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Climate change

More than ever, China needs to lead on climate change

With Trump snubbing a hard-won agreement to cut emissions, Beijing must press ahead to rescue planet from the consequences of global warming

PUBLISHED : Monday, 03 April, 2017, 12:39am
UPDATED : Monday, 03 April, 2017, 12:39am

President Donald Trump may have been unable to get legislation to end his predecessor’s health care plan past Congress. But he only had to sign an executive order to honour a controversial election promise to roll back Barack Obama’s climate-change efforts and revive the coal industry. With a stroke of the pen, he has struck at the heart of the landmark 2015 Paris agreement that committed almost every country to action to limit global warming before it triggered a cycle of severe droughts, floods, rising sea levels and food shortages.

The heart of that accord – the catalyst that brought other countries to the negotiating table in Paris – was a breakthrough 2014 deal between Obama and President Xi Jinping (習近平) to enact policies that would cut the emissions of the world’s two biggest polluting countries. It is not clear whether the US will formally withdraw from the Paris accord, but it has effectively repudiated its compliance obligations in the name of job creation. If Trump reneges on a commitment made at presidential level, ahead of a summit with Xi next week, it does nothing to help build trust in a relationship that has been shaken up since his unexpected election. Obama pledged that under the Clean Power Plan for shutting coal-fired power plants and replacing them with solar and wind farms, the US would cut its emissions by about 26 per cent from 2005 levels by 2025.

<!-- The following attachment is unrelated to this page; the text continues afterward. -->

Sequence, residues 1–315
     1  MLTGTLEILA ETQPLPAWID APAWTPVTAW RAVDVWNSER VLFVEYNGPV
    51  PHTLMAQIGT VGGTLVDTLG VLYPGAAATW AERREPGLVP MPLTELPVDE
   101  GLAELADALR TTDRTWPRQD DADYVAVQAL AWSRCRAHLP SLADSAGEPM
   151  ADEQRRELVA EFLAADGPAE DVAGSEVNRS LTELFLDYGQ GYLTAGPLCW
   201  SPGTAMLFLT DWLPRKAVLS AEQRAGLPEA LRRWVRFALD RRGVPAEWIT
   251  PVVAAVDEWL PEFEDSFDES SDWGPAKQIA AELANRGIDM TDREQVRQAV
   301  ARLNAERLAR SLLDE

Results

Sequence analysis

Trump ditches Obama’s rules to fight off climate change

Xi signalled, at the Davos economic summit in January, that he was prepared to move forward with his Paris pledge that China’s emissions would drop by 2030. With Trump’s climate-change scepticism clearly in mind, he said then: “All signatories should stick to [the Paris accord] instead of walking away from it, as this is a responsibility we must assume for future generations.” A big concern now is what other key countries, including China, India and Brazil, will do. A US withdrawal could embolden political and business opponents of climate-change action in all three places to try to slow action to combat it.

That said, Obama’s climate-change legacy will not be extinguished overnight. It could take years for the Environmental Protection Agency to undo regulations in the face of legal actions already foreshadowed by a coalition of states, including New York and California. Meanwhile, the trend in the US is still towards solar and natural gas power.

As Trump’s America-first policy plays out, China finds itself championing climate-change action and globalisation in a leadership role without the US. But it has no choice but to push ahead on climate change, with even more need now to achieve emissions reduction targets.